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First States Issue Mandatory Quarantines for Ebola-Exposed Docs

Late Friday, New York Gov. Andrew Cuomo and New Jersey Gov. Chris Christie imposed automatic, 21-day quarantines on anyone who has had contact or possible contact with infected people from Ebola-stricken countries in West Africa. And federal officials might issue formal quarantine guidelines for medical workers who treat Ebola patients in West Africa. The case ...

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Getty Images News
Getty Images News

Late Friday, New York Gov. Andrew Cuomo and New Jersey Gov. Chris Christie imposed automatic, 21-day quarantines on anyone who has had contact or possible contact with infected people from Ebola-stricken countries in West Africa. And federal officials might issue formal quarantine guidelines for medical workers who treat Ebola patients in West Africa.

The case of Craig Spencer, a doctor just returned to New York from Guinea in West Africa, the epicenter of the disease, spurred the newest spike in concern about the deadly virus's potential spread in the United States. Spencer did not self-quarantine after arriving back in the country on Oct. 17. He also didn't display any symptoms until late this week. On Wednesday, he rode the subway from Manhattan to a bowling alley in Brooklyn, then hired a car service to take him home. He woke up Thursday with a high fever and was diagnosed with Ebola that evening.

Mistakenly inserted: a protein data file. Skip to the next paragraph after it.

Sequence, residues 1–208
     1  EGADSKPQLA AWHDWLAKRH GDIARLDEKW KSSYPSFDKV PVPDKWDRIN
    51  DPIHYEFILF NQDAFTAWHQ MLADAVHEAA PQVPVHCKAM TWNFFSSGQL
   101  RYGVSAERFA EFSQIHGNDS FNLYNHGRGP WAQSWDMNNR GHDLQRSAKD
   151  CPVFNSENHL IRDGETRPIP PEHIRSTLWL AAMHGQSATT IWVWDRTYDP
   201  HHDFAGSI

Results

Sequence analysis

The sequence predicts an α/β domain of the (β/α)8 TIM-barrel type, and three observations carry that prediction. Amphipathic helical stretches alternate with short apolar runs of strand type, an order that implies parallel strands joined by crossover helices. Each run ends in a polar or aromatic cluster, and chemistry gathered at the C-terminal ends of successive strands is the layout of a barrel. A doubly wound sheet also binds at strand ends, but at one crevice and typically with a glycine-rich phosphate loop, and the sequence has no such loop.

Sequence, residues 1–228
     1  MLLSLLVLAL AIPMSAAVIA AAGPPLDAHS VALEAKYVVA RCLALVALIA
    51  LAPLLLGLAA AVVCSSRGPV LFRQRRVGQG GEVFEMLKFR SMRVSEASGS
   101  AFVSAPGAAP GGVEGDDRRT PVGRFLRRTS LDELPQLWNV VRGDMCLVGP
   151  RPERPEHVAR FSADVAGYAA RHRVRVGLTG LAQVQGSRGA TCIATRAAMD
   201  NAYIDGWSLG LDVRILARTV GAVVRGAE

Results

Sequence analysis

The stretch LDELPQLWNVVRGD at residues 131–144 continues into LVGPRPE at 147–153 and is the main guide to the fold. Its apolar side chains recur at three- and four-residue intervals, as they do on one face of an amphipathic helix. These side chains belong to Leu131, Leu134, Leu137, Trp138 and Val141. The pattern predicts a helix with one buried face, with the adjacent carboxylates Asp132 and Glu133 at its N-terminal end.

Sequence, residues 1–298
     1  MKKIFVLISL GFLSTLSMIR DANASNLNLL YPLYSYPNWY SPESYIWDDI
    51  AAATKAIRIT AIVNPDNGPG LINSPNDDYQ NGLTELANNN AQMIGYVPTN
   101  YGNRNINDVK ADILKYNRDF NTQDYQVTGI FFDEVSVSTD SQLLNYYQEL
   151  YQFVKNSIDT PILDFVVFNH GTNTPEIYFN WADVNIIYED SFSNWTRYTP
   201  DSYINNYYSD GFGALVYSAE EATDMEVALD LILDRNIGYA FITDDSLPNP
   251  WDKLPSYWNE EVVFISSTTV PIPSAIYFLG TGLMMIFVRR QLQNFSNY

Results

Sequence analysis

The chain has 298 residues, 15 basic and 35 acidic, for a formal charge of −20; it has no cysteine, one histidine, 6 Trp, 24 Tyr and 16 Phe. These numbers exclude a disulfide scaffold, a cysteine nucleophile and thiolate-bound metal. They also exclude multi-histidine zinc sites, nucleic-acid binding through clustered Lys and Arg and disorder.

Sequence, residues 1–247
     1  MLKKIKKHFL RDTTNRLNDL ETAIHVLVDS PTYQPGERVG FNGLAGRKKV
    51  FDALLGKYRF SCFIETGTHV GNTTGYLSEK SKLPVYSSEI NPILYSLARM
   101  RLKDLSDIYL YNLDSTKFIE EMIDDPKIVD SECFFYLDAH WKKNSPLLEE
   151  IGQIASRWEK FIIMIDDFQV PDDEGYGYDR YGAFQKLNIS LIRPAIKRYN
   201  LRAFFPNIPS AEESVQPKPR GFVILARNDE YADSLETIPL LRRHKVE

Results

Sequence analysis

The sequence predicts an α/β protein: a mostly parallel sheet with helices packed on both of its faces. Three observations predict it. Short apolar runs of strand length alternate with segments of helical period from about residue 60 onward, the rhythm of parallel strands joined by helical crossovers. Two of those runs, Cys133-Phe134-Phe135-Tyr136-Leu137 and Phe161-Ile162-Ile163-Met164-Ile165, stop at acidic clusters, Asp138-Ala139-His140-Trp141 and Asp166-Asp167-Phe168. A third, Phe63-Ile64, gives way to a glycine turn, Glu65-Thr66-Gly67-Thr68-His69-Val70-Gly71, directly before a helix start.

New York City public-health officials are scrambling to clean up the locations Spencer has visited. They also placed his fiancée and two friends in quarantine.

Late Friday, New York Gov. Andrew Cuomo and New Jersey Gov. Chris Christie imposed automatic, 21-day quarantines on anyone who has had contact or possible contact with infected people from Ebola-stricken countries in West Africa. And federal officials might issue formal quarantine guidelines for medical workers who treat Ebola patients in West Africa.